This article has been written by Tadepalli Aditya Kamal (3rd year BBA LLB at KLE Law College, Bengaluru)
Waste production is a natural result of growth and industrial advancement. As a result, effective waste management is a global priority, and nations have established strong regulatory waste management regimes to balance development and environmental sustainability goals. The National Environment Policy, 2006 in India places emphasis on the necessity for collection and treatment systems for recycling wastes and developing procedures for ecologically safe disposal of residues while providing strategies for managing various forms of environmental contamination.1 The Ministry of Environment, Forest and Climate Change of the Government of India (“MoEF”), in collaboration with the State Pollution Control Boards of various states (“SPCB”), administers the full spectrum of waste management laws in India. The ideas of “sustainable development,” “precaution” (steps should be taken to prevent environmental dangers), and “polluter pays” (polluter is responsible for damages and harm to the environment caused by his own conduct) are the cornerstones of Indian waste management regulations. According to the Supreme Court of India in a number of cases, these ideas are an essential component of Indian environmental law doctrine.2 These principles require businesses and industrial units to act in a way that is environmentally responsible and accountable, as well as to restore the balance if it has been upset by their business operations. The Environment Protection Act of 1986 (“EPA”), which serves as a general framework for all subordinate legislation, was created by the Ministry of Environment and Forests (MoEF) with the growing levels of waste produced as a byproduct of development in mind. The MoEF is given authority to make rules under Section 6 on a variety of topics, including standards for ensuring environmental soundness, allowable limits for emission of environmental pollutants, how to handle hazardous substances, where industries are located and how they operate, and precautions to prevent environmental accidents and hazards. Specific types of trash are the focus of different regulations and require different compliances, typically in the form of authorizations, record-keeping, and appropriate disposal methods. While some regulations have specific penalties for violations, others are subject to the general penalty under the EPA, which entails up to 5 years in prison and/or a fine of up to INR 100,000 ($1574) for the person in charge (a director, manager, or officer of a company with whom the violation occurred with their knowledge or complicity).
Various Waste Management and Handling Rules
Bio-Medical Waste (Management and Handling) Rules, 1988
The Bio-medical Waste (Management and Handling) Rules (“BMW Rules”) set forth a precise framework for the procedures and mechanisms that must be followed for the proper management of bio-medical wastes (“BM Waste”). Any waste produced during medical procedures, such as during the diagnosis, treatment, or vaccination of people or animals, or during research operations involving the manufacture or testing of “biological,” is referred to as BM Waste. Schedule I also lists additional categories of BM waste, including those connected to human anatomical, animal, microbiological, and biotechnology research, cytotoxic chemicals, wasted medications, and incinerator ash. Numerous institutions, including hospitals, nursing homes, clinics, dispensaries, veterinary clinics, animal shelters, pathological labs, and blood banks, are subject to the BMW Rules.6 Every occupier7 of a facility that generates BM Wastes or deals in them in any other way is required by Rule 8(1) to submit an application to the SPCB for permission. The issued authorization is valid for three years and needs to be renewed after that. Every occupier is required by the BMW Rules to take all reasonable measures to ensure that BM Waste is (i) handled in a way that does not harm human health or the environment, (ii) segregated in containers at the point of generation, and (iii) handled and disposed of in accordance with prescribed standards. Additionally, all covered institutions must either establish treatment facilities such an incinerator, autoclave, or microwave system, or they must ensure that all BM Waste is handled at a single waste treatment facility, as required by Rule 5(2). By January 31st, SPCB must receive an annual return in the required format that includes information about the categories and amounts of BM Waste processed. Since no specific punishment is specified, non-compliance will result in the general punishment under the EPA, which is an occupier’s imprisonment for up to 5 years and/or a fine of up to INR 100,000 (US$ 1574).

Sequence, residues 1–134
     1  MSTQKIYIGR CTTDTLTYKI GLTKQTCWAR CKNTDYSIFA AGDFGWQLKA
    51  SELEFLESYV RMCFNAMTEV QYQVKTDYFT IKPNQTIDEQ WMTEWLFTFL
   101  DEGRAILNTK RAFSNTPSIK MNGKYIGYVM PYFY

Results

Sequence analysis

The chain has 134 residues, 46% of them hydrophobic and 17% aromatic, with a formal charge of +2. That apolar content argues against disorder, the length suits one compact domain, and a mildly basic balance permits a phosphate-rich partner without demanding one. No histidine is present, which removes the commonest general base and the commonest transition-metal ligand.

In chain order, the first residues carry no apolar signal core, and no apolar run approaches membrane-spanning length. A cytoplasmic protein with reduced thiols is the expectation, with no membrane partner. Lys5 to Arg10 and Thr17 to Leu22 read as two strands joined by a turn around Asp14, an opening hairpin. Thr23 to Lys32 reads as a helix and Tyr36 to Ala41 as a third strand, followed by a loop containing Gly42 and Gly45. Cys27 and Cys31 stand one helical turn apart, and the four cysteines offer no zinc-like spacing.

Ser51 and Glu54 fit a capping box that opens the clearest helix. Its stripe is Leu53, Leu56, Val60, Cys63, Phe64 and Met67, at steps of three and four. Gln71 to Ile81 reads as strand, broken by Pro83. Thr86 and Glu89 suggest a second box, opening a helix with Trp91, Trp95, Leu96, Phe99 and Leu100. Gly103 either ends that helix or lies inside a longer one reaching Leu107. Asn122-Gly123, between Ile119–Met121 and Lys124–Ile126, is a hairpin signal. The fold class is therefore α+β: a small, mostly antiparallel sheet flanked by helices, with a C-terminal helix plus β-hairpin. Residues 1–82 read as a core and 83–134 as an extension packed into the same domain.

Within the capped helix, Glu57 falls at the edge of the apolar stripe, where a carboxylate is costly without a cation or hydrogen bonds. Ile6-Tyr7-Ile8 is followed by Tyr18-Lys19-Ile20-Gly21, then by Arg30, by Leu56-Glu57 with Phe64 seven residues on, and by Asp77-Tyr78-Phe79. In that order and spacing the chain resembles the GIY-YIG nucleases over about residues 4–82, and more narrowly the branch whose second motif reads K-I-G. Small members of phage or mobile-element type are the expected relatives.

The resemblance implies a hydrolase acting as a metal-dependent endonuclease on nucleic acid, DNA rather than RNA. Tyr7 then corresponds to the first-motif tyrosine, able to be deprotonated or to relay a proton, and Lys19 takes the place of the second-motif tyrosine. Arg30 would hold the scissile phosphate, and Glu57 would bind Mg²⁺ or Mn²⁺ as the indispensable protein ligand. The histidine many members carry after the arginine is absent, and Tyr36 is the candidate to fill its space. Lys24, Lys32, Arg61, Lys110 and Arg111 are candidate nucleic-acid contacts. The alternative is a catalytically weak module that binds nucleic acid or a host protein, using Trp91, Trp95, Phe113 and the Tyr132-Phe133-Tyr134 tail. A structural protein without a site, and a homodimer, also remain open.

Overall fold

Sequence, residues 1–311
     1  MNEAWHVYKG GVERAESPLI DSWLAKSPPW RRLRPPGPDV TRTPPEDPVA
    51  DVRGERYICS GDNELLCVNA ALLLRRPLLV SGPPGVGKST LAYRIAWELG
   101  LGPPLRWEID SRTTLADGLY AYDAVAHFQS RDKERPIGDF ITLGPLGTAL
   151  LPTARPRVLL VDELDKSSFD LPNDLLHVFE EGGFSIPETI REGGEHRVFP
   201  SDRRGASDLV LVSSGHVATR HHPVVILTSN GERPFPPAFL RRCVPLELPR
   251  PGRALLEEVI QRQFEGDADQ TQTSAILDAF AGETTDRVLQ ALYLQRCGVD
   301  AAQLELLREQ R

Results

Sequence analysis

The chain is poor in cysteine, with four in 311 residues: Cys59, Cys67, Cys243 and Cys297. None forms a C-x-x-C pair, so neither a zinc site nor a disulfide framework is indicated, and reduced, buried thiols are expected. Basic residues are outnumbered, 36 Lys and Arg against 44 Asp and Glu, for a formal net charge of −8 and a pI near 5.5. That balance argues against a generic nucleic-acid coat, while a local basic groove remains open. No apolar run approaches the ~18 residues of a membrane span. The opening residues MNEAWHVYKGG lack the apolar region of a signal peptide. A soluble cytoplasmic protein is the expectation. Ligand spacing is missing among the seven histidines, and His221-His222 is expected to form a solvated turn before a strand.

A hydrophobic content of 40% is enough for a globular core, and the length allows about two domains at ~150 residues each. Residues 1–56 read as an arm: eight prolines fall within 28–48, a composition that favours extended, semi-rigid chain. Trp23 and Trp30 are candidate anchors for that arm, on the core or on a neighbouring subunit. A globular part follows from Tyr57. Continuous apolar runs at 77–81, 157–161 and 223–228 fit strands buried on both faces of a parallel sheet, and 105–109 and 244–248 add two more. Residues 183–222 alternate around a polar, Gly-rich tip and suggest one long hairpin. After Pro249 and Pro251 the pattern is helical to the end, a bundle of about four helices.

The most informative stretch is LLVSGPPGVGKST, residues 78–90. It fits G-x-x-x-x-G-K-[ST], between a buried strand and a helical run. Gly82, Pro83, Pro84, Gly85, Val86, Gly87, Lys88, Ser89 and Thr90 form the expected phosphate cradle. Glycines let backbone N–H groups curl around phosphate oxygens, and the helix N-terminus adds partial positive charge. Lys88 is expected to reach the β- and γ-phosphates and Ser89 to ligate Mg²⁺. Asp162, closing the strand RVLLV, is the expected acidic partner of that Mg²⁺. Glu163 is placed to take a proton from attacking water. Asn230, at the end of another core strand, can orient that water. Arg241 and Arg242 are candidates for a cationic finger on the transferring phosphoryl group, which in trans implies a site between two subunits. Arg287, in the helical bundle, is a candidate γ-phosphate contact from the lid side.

The Batteries (Management and Handling) Rules , 2001
Used lead acid batteries and their components are dealt with and disposed of according to the Batteries (Management and Handling) Rules (“Batteries Rules”). Every producer, importer, reconditioner, assembler, dealer, recycler, auctioneer, bulk consumer (such as departments or organisations buying more than 100 batteries), and consumer is subject to the Batteries Rules. To ensure the collection, recycling, transportation, and sale of batteries, a detailed description of the responsibilities of each type of entity is given. For instance, Rule 10 requires that all consumers deposit spent batteries with the approved collection sites, manufacturers, importers, assemblers, recyclers, and reconditioners. Bulk consumers must also submit half-yearly returns to the SPCB. Rule 6 stipulates that prior customs approval must be obtained in order to import batteries from foreign nations for recycling in India. Batteries may only be imported if they are accompanied by a copy of the most recent half-yearly return, a valid registration with the Reserve Bank of India and the MoEF, and an undertaking in the approved format. The EPA also imposes penalties for violating the BMW Rules, and the person in charge faces the possibility of a 5-year prison sentence and/or a fine of up to INR 100,000 (US$ 15574).
The E-Waste (Management and Handling) Rules , 2011